“Michigan, 1996. Nathan Harris and Christian McNeil meet in the parking lot between the Red Devil Restaurant and the Battle Alley Barbershop. It will prove the final moments of Nathan’s life, and it will prove the final moments of Christian’s life as he knew it.”
So begins Rossland writer Richard Kemick’s podcast “Natural Life,” a surprisingly honest, powerful and prescient bio of his cousin Christian McNeil, who at the age of 18 murdered a 16-year-old male in Holly, Michigan, Jan. 22, 1996.
“I have known that I had this cousin in prison forever,” Kemick told the Times. “I had always known about it, but as a family, we never really talked about it. Just because there was nothing much to say.”
McNeil received the mandatory sentence for first degree murder – Natural Life – which means he will spend his remaining days in prison with no chance of parole, probation, or presidential pardon.
The five episode podcast examines Christian’s everyday life in prison, through interviews with McNeil, his fiancee Bridgitte, and families of both the murderer and murdered.
Kemick first contacted McNeil, now 45, several years ago, with the idea of writing a book about his life, but soon changed his mind.
“Once I started talking to Christian and Bridgitte, his fiancee, I don’t know what I expected them to be like, but they were definitely not what I expected. Christian and Brigitte, how funny and compassionate she was in many ways, if I switched it to a podcast it would be great to include their voices without having to be interpreted through me.”
The unique podcast humanizes McNeil in unexpected ways. He is friendly, in love, accepting and happy with his life, content hanging out with friends, playing bridge and fantasy football.
“I interviewed him for four years, and then by the time we got to the spot where I said okay let me start recording these … I feel that we developed a meaningful relationship, and I feel like there is trust moving in both directions. Which is such a big reason why I wanted to include his actual voice to best convey his sincerity.”
Kemick wrestled with questions of morality and consequences of Christian’s sentence, what is just and unjust, and should there be a limit to incarceration, or is there justification in locking people up and throwing away the key?
“It seems so impossible to give an answer of what is a proper recourse when someone does something like that,” said Kemick. “And I wanted to explore that question a lot.”
McNeil will likely spend more than 60 years in prison, in a system that is functional, yet, mystifying in many ways.
The following is an excerpt from the podcast:
“Section N of the Michigan Department of Corrections Visiting Standards states: A prisoner is permitted one kiss and one embrace at the beginning and end of each visit. Anything more is forbidden. Conjugal visits, whether you’re married or not, have never been allowed.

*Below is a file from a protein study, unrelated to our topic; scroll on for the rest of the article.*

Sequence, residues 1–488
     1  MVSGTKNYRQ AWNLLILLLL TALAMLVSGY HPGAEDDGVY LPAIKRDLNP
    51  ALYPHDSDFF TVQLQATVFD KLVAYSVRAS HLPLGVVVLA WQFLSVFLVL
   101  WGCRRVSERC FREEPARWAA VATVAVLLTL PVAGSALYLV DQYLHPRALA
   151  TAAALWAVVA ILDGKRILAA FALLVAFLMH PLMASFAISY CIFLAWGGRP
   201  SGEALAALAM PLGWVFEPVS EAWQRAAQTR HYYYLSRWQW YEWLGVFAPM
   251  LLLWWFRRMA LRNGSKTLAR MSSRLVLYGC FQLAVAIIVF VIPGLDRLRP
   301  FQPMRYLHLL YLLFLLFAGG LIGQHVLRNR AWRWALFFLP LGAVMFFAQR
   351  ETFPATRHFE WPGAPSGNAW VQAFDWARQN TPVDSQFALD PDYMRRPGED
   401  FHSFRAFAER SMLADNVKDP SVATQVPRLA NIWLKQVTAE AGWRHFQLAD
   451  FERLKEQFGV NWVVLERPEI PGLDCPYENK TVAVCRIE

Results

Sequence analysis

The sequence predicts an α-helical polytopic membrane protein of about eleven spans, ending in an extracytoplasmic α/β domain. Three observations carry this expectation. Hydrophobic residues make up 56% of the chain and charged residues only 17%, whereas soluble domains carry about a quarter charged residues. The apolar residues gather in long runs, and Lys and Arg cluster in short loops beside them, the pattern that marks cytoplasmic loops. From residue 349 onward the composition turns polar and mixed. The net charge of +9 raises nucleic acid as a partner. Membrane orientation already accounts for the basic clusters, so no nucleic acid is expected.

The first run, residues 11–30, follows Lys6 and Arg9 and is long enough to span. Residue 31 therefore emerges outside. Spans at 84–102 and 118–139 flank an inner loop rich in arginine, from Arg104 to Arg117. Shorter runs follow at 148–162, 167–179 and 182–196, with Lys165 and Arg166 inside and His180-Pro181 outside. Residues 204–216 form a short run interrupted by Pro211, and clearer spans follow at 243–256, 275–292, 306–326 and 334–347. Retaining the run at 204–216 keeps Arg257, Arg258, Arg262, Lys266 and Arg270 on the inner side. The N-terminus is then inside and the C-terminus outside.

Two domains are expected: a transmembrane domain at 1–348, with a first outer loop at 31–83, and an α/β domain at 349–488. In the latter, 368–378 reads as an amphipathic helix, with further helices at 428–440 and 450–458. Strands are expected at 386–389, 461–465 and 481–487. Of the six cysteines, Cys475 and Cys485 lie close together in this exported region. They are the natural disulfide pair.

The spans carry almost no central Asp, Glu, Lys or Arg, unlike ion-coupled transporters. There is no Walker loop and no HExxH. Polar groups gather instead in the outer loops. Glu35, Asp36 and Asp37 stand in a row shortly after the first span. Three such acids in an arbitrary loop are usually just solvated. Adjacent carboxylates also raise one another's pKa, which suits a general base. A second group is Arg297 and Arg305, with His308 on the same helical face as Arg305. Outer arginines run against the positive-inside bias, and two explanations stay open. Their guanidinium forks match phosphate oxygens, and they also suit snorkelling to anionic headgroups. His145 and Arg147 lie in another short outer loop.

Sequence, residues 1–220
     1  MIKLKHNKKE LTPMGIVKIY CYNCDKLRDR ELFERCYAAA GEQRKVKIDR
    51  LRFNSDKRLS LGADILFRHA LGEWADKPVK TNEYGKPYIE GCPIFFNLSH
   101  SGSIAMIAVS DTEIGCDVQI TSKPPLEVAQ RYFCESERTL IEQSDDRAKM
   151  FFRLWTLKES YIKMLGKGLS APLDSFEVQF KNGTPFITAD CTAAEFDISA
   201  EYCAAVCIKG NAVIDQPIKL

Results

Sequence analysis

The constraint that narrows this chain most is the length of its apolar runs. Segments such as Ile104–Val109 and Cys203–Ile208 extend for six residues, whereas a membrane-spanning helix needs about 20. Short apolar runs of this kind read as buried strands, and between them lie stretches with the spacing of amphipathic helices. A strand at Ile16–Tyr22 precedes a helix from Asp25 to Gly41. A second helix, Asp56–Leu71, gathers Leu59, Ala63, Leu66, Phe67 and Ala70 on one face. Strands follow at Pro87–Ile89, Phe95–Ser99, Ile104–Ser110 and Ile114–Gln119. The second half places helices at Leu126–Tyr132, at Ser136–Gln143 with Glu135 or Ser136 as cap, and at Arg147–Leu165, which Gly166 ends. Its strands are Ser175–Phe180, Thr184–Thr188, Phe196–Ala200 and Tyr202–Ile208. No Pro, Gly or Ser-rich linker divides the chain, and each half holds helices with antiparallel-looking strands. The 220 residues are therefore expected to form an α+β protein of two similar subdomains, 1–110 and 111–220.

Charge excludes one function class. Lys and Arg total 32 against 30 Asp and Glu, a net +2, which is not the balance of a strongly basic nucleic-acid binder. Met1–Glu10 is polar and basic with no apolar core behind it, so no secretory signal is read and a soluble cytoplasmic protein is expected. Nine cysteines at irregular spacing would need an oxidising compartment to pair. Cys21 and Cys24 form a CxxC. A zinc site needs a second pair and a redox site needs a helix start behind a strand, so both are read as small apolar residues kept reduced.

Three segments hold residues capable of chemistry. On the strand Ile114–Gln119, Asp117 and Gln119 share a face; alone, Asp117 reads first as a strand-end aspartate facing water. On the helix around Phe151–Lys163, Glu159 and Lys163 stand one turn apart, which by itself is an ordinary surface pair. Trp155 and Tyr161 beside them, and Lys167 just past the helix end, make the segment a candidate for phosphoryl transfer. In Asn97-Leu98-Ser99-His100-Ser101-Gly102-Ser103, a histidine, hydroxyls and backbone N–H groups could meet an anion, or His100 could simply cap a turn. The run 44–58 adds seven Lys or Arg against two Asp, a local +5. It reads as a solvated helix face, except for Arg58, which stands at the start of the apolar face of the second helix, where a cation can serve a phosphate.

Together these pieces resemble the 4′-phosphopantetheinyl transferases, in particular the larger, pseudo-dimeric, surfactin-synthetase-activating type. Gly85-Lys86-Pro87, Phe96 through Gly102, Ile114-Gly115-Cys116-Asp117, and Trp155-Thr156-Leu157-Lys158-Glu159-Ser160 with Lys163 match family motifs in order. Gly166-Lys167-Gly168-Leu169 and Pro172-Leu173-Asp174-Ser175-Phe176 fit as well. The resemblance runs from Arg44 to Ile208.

“On the back wall of the visiting room hang backdrops for photos. You can choose between the Statue of Liberty, the 4th of July, the open ocean. The photos are two dollars each and are immensely popular, though not only as keepsakes. When a picture is being taken, a prisoner and his visitor are allowed one additional kiss, and a prisoner is allowed two pictures per visit. Six visits a month; two extra kisses a visit; a hundred and forty-four bonus kisses a year.
“There are more rules: prisoners are not allowed to interact with visitors who are not theirs, meaning when you visit an inmate, you are a ghost to everyone else, and the rest of the room looks straight through you.
“This, you cannot help but think, is what it feels like to be dead.”
Kemick is not advocating for prison reforms, his voice throughout the production is inquisitive, his prose penetrating, a delivery system that reflects the ‘reality’ of the incarcerated serving a natural life sentence with nothing natural about it.
“On some level, all of this is absurd,” said Kemick. “The fact that Christian did this terrible thing 26 years ago, and our answer to that is, ‘Okay let’s put him in a cage.’
“It’s difficult to see the logical follow through from that, and that this absurdity surfaces in other areas, where you’re only allowed to kiss at the beginning or the end of a visit, and for some reason not in the middle of it, unless you are taking a photograph, which of course costs a little bit of money.
“But at the same time, if you take that away, then what do we replace it with? We have to have some sort of answer, and it seems to be an unanswerable question in many ways.”
Each of the podcast’s episodes focuses on a different aspect of Christian’s crime and his ensuing wedding. The first episode focuses on Christian; the second, on his parents; the third, on his fiancée, Bridgette; the fourth, on his siblings; the fifth, on the surviving family of Nathan Harris.
Episode 1 of the podcast was released on Feb. 14., Episode 2 on Feb. 21, and Episode 3 Feb. 28. Episode 4 will be released Mar. 7 and Episode 5, Mar. 14.
The podcast was produced by Meteor Space Studios in Kelowna, with accompaniment from Edmonton musician Lindsey Walker. Kemick is also the author of I Am Herod and a book of poetry, Caribou Run.
You can access the podcast at naturallifepodcast.com or go to www.richardkemick.com for more info.